On September 20, 2018, the Board sent SmileDirect a cease-and-desist letter stating that SmileDirect was engaged in the unauthorized practice of dentistry. (Id. at ¶ 59). Plaintiffs allege the letter was sent in response to a complaint the Board received from a competing Alabama-licensed dentist about SmileDirect's operations. (Id. at ¶ 58). On October 3, 2018, representatives from SmileDirect met with the Board to explain the function of the iTero and their belief that its use does not constitute a dental procedure that would require the presence of a licensed dentist on site. (Id. at ¶ 61). Six days later, the Board emailed the following message to counsel for SmileDirect: “Thank you for coming by the Board office last week to discuss Smile Direct Club. I reviewed the situation with the Board last Friday in detail. I was directed to inform you that your client immediately must cease and desist performing the services that are considered the practice of dentistry (i.e. digital imaging) without a supervising dentist present.” (Id. at ¶ 62). SmileDirect and Dr. Leeds responded by filing this lawsuit. (Doc. # 1).

         The Board's cease-and-desist letter and subsequent communications were based on certain provisions of the Alabama Dental Practice Act, Ala. Code § 34-9-1 et seq., and a regulation promulgated by the Board pursuant to its authority to “[a]dopt rules and regulations to implement” the Act, id., § 34-9-43(a)(10). The Act defines what constitutes the practice of dentistry in Alabama, stating in relevant part:

Any person shall be deemed to be practicing dentistry who does any of the following:
(7) Uses a roentgen, radiograph, or digital imaging machine for the purpose of making dental roentgenograms, radiographs, or digital images . . . .

Id., § 34-9-6. However, the Act goes on to exempt certain practices that would otherwise fall within this definition from being considered the practice of dentistry:

Nothing in this chapter shall apply to the following practices, acts, and operations:
(5) The use of roentgen machines or other means for making radiographs, digital images, or similar records, of dental or oral tissues under the supervision of a licensed dentist or physician . . . .

Id., § 34-9-7(a).

         The Board contends the iTero is a “digital imaging machine” and that the images it produces are “digital images” within the meaning of Alabama Code § 34-9-6. (Doc. # 29 at ¶¶ 2, 62-68). It therefore understands persons who use the iTero to be practicing dentistry-unless they do so “under the supervision of a licensed dentist or physician.” Ala. Code § 34-9-7(a)(5).

         The Board also claims SmileDirect's use of an iTero violates one of the Board's regulations. (Doc. # 29 at ¶¶ 2, 62-68). The regulation defines dental hygienists, dental assistants, and dental laboratory technicians as “[a]llied dental personnel” and identifies certain dentistry-related duties they are permitted to perform. Ala. Admin. Code 270-X-3-.10. Under the regulation, dental assistants and dental hygienists may “[m]ake dental radiographs or digital images.” Id. Importantly, however, all of the duties listed-including making digital images- are “[s]ubject to the prohibition that no intra-oral procedure can be performed unless under the direct supervision of a duly licensed dentist as defined by Board rule.” Id. “Direct supervision” is defined by another Board regulation as “supervision by a dentist who authorizes the intraoral procedure to be performed, is physically present in the dental facility and available during performance of the procedure, examines the patient during the procedure and takes full professional responsibility for the completed procedure.” Ala. Admin. Code 270-X-3-.06. Because SmileDirect employees make intraoral digital images using an iTero at a facility where no licensed dentist is physically present, the Board understands them to be engaged in the unauthorized practice of dentistry, in violation of Alabama Administrative Code 270-X-3-.10.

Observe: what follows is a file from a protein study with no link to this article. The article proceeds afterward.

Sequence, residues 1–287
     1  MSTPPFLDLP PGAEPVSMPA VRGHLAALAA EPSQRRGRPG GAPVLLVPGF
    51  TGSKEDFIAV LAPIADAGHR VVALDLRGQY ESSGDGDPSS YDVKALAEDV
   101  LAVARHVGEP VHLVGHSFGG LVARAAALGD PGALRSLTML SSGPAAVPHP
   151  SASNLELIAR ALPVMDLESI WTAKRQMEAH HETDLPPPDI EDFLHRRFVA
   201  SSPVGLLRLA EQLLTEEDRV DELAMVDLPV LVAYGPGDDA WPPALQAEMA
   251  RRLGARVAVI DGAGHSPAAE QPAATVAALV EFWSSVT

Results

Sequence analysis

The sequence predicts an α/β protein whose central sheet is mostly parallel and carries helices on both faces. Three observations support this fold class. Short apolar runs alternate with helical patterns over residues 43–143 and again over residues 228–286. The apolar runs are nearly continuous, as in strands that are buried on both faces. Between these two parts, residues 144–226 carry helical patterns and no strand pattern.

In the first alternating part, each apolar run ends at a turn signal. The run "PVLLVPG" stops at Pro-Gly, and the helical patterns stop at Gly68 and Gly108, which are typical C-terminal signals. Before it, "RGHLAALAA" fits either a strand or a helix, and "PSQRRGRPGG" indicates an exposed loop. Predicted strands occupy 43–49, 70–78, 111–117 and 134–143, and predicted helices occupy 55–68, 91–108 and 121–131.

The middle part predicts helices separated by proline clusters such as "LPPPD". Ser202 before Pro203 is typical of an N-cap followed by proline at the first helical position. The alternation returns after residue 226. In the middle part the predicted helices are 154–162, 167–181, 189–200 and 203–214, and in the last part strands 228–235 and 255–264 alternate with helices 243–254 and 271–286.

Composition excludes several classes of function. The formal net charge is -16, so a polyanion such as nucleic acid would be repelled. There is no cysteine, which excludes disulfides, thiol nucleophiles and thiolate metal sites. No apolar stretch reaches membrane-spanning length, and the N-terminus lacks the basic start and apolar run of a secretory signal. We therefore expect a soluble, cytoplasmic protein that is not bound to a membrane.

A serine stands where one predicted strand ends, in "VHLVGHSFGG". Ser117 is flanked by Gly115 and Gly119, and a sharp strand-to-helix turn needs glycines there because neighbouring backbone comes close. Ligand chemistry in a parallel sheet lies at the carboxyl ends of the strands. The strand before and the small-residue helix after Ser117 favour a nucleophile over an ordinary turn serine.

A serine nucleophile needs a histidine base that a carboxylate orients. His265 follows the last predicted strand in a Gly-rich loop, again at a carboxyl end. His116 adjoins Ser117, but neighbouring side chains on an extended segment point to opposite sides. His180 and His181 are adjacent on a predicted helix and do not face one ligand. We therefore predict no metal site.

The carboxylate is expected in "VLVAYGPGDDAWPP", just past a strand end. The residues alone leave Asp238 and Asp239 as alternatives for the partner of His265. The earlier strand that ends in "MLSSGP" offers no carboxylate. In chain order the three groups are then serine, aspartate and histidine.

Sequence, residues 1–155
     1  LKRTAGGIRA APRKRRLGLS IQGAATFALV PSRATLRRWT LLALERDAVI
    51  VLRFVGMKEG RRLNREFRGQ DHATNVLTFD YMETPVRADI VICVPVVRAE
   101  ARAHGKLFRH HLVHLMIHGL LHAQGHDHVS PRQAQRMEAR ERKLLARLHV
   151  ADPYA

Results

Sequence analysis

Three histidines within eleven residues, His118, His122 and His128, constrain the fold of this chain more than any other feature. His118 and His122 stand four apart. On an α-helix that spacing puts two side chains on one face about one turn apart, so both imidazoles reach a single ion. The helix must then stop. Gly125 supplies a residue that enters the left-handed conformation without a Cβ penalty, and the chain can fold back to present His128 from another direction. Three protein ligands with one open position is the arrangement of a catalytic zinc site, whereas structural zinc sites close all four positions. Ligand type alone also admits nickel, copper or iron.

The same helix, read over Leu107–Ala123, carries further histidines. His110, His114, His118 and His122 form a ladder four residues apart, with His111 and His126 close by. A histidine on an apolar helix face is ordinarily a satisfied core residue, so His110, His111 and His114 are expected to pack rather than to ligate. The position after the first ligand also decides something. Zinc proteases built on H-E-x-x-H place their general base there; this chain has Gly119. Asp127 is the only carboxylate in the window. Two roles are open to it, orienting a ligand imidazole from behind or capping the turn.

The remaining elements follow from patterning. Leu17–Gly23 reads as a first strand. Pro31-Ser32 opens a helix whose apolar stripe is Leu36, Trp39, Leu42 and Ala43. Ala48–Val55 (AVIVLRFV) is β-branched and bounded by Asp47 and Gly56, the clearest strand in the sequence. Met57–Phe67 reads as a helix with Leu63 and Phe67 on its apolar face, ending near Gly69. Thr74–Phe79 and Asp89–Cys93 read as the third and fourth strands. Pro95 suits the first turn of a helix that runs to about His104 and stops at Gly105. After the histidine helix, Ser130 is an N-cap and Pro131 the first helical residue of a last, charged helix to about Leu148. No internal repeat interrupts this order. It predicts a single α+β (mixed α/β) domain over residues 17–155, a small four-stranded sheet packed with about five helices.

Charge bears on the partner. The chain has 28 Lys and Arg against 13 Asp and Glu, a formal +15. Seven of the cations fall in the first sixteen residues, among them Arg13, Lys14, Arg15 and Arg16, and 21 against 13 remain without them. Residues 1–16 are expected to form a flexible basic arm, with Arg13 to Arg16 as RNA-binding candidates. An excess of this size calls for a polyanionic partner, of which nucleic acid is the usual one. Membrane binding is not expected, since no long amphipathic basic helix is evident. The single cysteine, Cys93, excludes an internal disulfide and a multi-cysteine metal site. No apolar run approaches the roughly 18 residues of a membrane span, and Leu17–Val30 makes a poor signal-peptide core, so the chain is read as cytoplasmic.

Plaintiffs contend that the Board's actions against SmileDirect are not motivated by a desire to protect the public from the unauthorized practice of dentistry. Instead, Plaintiffs argue the Board __ which by statute consists of six dentists and one dental hygienist who are all selected by other members of the dental profession, Ala. Code § 34-9-40 __ seeks to protect Alabama dentists from competition by innovators like SmileDirect and Dr. Leeds, who provide clear aligner therapy at lower prices than traditional dentists. They claim that use of the iTero poses no health or safety risks and that the Board's requirement that SmileDirect have a licensed dentist physically present at its SmileShops cannot be justified by anything besides economic protectionism. Plaintiffs therefore filed this lawsuit against the Board and each of its members (in their individual and official capacities), asserting claims under the Sherman Antitrust Act, U.S. Constitution, and Alabama Constitution. (Doc. # 29 at ¶¶ 107-185).